Taking Socialisation Seriously

Good socialisation can make the difference between a well-adjusted, friendly and relaxed dog and one that’s anxious, fearful – or even aggressive. And whatever our role in a puppy’s formative weeks, whether that’s as a breeder, new owner or vet, we can all make a difference by taking socialisation seriously.  

The first experiences 

Being there from birth, the puppy’s breeder is uniquely placed to begin the process of socialisation.  In the very early weeks, while some human contact is important, this must be carefully balanced with the puppy’s need for peace and quiet and uninterrupted time to be with its mother and littermates.


Research shows that between 3-8 weeks of age a puppy is most receptive to accepting new experiences in its life as ‘normal’. It’s a survival instinct, so anything a puppy hasn’t experienced alongside its mother has to initially be viewed as a threat.  This means that exposure of new things beyond this ‘window’ may take time for an older puppy or dog to adjust to.

As a breeder, this is the time to help the puppy continue to learn from its mother, while gently helping it to have a little time away from her and from its littermates. Gradually experiencing everyday sounds such as the phone, the vacuum cleaner, and the general coming and going of people is also important during these weeks.

Leaving home, learning more

From eight weeks, it’s crucial the puppy continues to build on the social experiences it’s had so far. When the time comes for the puppy to be handed over to its new owner, it’s really important for the breeder to explain the experiences the puppy has had to date, and especially for more inexperienced dog owners, to highlight the importance of the next steps in socialisation. The Puppy Plan (see below) is ideal to help with this.

As a new owner, continuing the steady, gentle socialisation put in place by the breeder is vital, initially allowing the puppy plenty of time to adjust to its new home and new family. And once the puppy’s vaccinated, it can also be taken outside of the home to be exposed to more of the world around it – from trips in the car to gradual introductions to busier places and more people.

It’s really important that every experience the puppy has is both brief and positive, and if it shows any sign of fear, stay positive but move on to something else.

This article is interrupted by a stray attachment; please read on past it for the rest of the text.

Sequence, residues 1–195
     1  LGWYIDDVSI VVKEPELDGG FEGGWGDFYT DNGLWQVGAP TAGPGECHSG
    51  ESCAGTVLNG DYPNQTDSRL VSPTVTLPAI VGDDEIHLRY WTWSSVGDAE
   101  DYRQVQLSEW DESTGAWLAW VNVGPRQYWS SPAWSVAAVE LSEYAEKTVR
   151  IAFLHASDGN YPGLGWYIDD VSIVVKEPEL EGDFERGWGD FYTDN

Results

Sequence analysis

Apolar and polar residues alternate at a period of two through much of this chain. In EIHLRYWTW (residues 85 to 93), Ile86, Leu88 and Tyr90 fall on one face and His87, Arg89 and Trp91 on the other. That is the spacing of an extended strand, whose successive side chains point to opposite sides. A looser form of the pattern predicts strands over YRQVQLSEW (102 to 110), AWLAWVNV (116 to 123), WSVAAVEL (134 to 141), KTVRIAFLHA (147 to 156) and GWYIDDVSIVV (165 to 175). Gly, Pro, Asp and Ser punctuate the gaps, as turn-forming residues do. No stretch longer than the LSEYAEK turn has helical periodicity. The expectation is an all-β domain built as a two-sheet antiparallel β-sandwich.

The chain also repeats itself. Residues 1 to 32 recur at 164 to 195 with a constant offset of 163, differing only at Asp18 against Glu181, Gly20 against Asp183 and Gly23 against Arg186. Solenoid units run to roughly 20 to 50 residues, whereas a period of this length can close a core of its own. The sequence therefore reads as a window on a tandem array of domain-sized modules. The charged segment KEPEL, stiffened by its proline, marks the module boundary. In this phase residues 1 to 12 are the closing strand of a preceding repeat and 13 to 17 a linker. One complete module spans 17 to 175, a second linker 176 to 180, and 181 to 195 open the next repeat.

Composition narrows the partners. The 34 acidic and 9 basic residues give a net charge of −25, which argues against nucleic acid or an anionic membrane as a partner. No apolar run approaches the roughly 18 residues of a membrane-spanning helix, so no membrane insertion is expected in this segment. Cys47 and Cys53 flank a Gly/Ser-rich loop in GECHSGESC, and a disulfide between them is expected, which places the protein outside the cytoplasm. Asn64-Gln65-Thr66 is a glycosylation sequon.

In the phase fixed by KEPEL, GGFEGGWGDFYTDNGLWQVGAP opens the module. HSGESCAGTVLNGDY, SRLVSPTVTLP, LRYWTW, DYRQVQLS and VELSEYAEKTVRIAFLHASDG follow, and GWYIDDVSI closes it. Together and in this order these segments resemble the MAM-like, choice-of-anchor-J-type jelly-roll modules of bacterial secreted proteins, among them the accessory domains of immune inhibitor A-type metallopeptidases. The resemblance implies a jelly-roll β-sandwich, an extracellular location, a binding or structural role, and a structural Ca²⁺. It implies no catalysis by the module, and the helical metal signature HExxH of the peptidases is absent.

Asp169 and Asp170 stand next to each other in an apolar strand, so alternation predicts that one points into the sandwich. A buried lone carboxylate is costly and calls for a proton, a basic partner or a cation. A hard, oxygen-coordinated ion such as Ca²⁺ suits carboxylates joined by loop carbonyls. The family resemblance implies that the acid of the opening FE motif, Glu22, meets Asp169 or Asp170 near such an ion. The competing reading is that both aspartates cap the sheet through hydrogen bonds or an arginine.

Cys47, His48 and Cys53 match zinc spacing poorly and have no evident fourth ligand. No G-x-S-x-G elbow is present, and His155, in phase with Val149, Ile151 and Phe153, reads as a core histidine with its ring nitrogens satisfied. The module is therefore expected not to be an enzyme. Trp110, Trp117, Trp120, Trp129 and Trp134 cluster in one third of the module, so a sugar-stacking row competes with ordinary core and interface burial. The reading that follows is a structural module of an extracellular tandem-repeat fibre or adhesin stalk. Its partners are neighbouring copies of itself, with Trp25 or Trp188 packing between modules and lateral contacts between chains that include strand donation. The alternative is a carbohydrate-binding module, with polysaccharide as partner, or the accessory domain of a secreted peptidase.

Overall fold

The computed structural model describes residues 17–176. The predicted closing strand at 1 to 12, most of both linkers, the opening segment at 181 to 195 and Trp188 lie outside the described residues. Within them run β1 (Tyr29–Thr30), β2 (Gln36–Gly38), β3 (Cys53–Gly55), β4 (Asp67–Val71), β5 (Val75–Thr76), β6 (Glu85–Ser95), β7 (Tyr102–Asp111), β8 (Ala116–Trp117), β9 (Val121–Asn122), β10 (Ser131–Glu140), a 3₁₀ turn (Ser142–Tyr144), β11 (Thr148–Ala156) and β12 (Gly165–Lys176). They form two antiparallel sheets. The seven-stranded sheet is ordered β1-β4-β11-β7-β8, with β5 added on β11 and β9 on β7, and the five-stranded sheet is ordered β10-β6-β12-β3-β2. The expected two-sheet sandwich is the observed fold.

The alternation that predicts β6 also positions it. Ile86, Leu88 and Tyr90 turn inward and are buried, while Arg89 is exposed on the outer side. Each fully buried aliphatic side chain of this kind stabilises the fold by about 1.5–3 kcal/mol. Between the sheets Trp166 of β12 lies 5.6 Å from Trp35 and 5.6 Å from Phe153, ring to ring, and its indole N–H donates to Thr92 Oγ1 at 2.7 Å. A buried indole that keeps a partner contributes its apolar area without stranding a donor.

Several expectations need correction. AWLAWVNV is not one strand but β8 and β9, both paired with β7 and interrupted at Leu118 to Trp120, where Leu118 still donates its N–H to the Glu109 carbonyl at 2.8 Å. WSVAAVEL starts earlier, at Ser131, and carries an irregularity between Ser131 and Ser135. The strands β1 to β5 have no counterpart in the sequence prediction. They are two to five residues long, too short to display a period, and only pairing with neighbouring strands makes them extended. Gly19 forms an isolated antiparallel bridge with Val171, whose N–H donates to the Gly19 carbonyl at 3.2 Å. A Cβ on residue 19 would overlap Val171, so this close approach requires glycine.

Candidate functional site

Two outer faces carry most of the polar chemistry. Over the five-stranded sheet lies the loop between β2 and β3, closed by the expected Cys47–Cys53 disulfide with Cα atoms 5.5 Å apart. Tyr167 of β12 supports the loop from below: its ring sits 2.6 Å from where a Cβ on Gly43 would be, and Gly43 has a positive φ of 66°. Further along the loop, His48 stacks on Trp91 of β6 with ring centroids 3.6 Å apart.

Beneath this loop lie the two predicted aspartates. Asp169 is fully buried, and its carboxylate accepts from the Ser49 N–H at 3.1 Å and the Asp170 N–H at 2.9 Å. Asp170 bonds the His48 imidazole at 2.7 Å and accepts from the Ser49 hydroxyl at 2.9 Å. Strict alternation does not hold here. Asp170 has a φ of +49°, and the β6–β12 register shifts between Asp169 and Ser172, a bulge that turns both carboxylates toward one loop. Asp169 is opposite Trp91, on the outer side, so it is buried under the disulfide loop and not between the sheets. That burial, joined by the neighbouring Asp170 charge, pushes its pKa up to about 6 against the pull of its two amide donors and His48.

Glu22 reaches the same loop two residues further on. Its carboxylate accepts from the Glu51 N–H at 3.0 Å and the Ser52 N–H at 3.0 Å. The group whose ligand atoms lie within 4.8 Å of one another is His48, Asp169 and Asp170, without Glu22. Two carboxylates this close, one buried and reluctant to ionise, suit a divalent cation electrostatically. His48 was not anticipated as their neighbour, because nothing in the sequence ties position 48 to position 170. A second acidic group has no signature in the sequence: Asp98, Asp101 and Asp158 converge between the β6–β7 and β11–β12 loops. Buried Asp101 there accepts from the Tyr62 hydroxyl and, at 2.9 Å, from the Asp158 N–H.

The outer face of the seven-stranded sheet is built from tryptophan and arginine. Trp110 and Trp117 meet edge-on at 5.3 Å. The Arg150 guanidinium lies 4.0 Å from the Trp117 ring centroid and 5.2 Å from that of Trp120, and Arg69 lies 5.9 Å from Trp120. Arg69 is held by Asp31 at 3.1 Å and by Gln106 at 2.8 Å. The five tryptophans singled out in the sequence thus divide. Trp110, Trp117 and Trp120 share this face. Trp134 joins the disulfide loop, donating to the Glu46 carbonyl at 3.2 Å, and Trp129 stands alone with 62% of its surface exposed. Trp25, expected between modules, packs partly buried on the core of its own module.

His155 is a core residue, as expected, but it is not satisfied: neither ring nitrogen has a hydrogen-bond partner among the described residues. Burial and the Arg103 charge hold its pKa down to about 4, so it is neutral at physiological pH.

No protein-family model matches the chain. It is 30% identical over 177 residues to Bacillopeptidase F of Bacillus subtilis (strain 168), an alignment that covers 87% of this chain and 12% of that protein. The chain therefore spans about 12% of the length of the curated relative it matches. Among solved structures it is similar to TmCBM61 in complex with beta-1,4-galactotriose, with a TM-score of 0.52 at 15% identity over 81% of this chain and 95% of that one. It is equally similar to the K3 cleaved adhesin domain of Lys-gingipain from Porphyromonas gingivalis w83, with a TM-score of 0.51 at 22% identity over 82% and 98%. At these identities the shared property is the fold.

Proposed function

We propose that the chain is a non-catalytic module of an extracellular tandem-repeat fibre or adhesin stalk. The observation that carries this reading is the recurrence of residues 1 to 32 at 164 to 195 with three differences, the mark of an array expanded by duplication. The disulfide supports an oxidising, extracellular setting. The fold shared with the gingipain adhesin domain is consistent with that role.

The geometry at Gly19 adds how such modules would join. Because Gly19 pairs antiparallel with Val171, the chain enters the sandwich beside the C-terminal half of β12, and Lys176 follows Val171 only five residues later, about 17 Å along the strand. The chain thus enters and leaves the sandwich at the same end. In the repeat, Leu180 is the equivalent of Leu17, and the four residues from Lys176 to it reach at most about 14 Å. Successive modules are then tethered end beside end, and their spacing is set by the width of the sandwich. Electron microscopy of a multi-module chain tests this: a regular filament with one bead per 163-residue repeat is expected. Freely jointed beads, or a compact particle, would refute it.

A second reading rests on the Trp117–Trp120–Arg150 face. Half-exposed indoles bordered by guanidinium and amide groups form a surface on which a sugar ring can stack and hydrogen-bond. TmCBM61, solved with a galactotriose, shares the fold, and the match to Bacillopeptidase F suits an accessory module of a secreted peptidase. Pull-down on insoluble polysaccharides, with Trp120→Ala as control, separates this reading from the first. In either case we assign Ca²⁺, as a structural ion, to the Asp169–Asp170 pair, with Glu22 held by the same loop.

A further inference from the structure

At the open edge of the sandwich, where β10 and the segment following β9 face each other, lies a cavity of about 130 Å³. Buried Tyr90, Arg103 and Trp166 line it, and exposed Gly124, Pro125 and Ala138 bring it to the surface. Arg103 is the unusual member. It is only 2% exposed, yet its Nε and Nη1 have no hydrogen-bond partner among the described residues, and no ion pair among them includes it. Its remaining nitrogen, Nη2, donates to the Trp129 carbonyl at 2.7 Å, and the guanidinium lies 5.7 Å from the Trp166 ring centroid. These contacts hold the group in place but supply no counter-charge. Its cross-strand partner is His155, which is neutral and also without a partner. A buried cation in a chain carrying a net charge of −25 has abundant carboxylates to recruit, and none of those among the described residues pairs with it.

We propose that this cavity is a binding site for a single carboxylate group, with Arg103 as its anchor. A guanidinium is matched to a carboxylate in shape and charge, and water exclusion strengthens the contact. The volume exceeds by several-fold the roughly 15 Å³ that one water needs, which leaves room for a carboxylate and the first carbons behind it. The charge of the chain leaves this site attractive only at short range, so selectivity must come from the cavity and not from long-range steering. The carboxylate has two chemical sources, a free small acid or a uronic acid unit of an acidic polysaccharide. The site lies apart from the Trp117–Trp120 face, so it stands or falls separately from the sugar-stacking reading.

Meeting other dogs

Meeting new dogs outside the puppy’s own litter must be handled with care. Many vets run puppy ‘parties’ designed specifically for puppies that are newly vaccinated and ready for this fundamental part of socialisation.

Meeting other dogs in this way is a more controlled experience than leaving the puppy’s first social encounter with a canine ‘stranger’  to chance on its first walk. Puppy parties are ideal opportunities for vets to advise new owners on anything to do with puppy care, give owners the chance to ask questions – and also help the puppy to associate the vets with a positive experience!

Making the most of socialisation

The Puppy Socialisation Plan has been created jointly by the Kennel Club and the Dogs Trust to help breeders and owners handle socialisation in a planned, structured and effective way. This step-by step individual plan covers everything recognised to help a puppy grow into a sociable and well-balanced dog, and is ideal to handover from breeder to new owner.

By taking your role in socialisation seriously, every puppy has the potential to lead a happy, well-adjusted life, and grow to become the ideal human companion.

Working with Agria

Agria is committed to developing products and services that satisfy the changing needs of pet owners and the many organisations that support them. You and your clients will benefit from:

  • Veterinary qualified claims team
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  • Claims settled directly to the client or even to your practice
  • Locally based service team with knowledge of UK veterinary practices